Saturday, April 3, 2010

Oliver Nelson - The Blues and The Abstract Truth (1961)

This album is another one of those overlooked gems that people should be kicking themselves when they hear it and say, "Damn, where's this been?" That was pretty much my reaction when I first heard it a few months ago. The line-up, for one, is one the most spectacular ever assembled; it's like the intersection of four different distinct styles. Let's take a look at the players: George Barrow on baritone sax, Paul Chambers on bass, Eric Dolphy on flute and alto sax, Bill Evans on piano, Roy Haynes on drums, Freddie Hubbard on trumpet and then the leader, Oliver Nelson as arranger and on alto and tenor saxes.

We can discuss each musicians respective resumés; everyone should know about Bill Evans, more for his trio work with Scott LaFaro and Paul Motian (check out their 1961 album Explorations), but also for his contributions to the Miles Davis' Kind Of Blue sessions.

Next, Paul Chambers; known as Mr. P.C., and probably the second most influential jazz bassist after Charles Mingus, period. He's literally played with everybody and anybody between 1954 until his death in 1969 at age 33.

Freddie Hubbard? Probably my second favorite trumpeter (after Lee Morgan and miles ahead of Miles); another guy with a list of credentials that go on and on- started in 1960 with Eric Dolphy, then recorded his debut as a leader then went on to play on Ornette's landmark Free Jazz album. That's just in his first year of recording, the man went hard right up until he passed in 2008.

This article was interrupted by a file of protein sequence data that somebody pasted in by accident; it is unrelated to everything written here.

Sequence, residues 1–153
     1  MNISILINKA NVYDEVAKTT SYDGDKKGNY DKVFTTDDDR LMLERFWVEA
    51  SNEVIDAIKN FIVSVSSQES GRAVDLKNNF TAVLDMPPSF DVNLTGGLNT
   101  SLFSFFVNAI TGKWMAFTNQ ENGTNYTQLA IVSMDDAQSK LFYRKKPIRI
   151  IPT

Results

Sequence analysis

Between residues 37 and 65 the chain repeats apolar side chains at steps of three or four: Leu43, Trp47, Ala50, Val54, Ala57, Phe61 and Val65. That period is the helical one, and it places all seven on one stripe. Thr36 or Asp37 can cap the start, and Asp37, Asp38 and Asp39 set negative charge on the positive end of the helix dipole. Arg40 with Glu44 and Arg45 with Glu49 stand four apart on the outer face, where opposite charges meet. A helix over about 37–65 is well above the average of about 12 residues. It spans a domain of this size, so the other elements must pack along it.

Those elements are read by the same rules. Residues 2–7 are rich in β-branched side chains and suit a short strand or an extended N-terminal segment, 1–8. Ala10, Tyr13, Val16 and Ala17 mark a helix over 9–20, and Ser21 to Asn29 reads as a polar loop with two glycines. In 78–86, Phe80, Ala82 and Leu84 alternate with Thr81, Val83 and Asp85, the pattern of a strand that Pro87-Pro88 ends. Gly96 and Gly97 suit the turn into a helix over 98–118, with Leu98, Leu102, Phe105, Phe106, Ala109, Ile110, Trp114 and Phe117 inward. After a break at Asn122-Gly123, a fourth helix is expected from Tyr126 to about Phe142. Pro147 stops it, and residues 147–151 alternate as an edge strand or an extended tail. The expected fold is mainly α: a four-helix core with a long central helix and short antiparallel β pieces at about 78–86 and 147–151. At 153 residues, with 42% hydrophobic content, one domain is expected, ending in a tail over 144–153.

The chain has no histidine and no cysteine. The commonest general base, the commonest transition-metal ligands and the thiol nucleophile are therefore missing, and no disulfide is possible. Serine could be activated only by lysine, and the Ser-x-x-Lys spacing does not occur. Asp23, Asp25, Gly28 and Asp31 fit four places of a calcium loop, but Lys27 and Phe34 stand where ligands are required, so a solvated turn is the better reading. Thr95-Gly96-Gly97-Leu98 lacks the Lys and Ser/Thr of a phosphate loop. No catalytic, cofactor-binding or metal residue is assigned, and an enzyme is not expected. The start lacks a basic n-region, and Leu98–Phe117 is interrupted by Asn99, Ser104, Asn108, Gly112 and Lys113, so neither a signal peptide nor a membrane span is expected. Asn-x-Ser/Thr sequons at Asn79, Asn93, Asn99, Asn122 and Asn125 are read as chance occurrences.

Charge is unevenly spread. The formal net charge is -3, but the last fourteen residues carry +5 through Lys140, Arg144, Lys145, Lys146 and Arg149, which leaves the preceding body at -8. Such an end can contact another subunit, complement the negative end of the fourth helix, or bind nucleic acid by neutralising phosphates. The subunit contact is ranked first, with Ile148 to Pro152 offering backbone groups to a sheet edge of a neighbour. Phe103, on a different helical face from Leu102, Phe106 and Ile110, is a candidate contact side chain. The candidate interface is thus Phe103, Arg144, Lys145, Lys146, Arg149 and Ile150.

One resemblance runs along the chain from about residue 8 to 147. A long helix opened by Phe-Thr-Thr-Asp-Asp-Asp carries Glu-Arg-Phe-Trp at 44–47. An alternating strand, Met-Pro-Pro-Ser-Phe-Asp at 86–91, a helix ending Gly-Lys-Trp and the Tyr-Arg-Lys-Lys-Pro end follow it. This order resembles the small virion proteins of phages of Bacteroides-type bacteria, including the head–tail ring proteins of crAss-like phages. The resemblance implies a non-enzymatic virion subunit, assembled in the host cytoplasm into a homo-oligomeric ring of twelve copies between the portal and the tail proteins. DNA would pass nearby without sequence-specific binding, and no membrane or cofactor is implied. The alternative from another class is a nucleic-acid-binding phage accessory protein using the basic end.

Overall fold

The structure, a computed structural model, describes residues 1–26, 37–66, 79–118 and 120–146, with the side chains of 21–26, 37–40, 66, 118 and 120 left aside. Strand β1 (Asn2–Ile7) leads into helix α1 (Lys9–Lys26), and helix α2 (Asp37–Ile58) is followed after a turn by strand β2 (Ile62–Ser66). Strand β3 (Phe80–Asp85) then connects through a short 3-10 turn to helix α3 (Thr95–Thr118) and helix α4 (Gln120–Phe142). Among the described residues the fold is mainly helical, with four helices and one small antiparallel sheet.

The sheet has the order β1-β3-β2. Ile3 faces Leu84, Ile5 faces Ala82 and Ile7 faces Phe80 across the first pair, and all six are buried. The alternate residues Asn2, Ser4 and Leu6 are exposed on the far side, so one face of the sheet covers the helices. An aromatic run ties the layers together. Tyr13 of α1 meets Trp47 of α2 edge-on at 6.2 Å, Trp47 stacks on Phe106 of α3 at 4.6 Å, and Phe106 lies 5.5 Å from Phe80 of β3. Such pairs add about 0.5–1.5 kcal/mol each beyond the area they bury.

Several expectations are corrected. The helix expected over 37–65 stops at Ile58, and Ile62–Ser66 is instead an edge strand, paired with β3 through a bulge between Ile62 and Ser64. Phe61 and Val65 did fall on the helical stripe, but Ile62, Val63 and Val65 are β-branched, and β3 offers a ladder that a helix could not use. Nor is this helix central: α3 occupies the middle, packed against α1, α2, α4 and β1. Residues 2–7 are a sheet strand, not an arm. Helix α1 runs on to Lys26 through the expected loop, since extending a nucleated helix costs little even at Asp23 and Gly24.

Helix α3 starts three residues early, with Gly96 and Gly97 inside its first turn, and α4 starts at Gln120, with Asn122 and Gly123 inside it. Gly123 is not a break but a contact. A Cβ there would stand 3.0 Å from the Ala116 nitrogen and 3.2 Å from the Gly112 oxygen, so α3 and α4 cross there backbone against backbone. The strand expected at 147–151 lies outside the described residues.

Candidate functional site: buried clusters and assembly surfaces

I'll skip Roy Jones and George Barrow (they aren't credited on the album cover!) and get to Eric Dolphy. If Dolphy didn't die at 36, he'd be mentioned alongside Coltrane as the two best saxmen ever; his Out To Lunch is not only one of my favorite records of all time, it's the artwork I'm using behind this very website's main banner and the inspiration for the site's name as well. He's also one of the best jazz flautists ever, and did I mention he also played clarinet? C'mon, the man was an absolute virtuoso. I'd post Out To Lunch on here, but that's an album you better have if you're into jazz, no ifs ands or buts around that.

Oliver Nelson gained notoriety playing alongside Quincy Jones in the late '50s and made a big splash with this record. He found plenty of work as a highly sought after arranger, eventually working with James Brown and Diana Ross, but Nelson would get his biggest paychecks from composing music for TV and film (The Six Million Dollar Man, Columbo, The Bionic Woman and Last Tango In Paris).

So there you go. An album that features some of the best performers at various stages of their careers, all coming together to create a marvelous, almost forgotten record...

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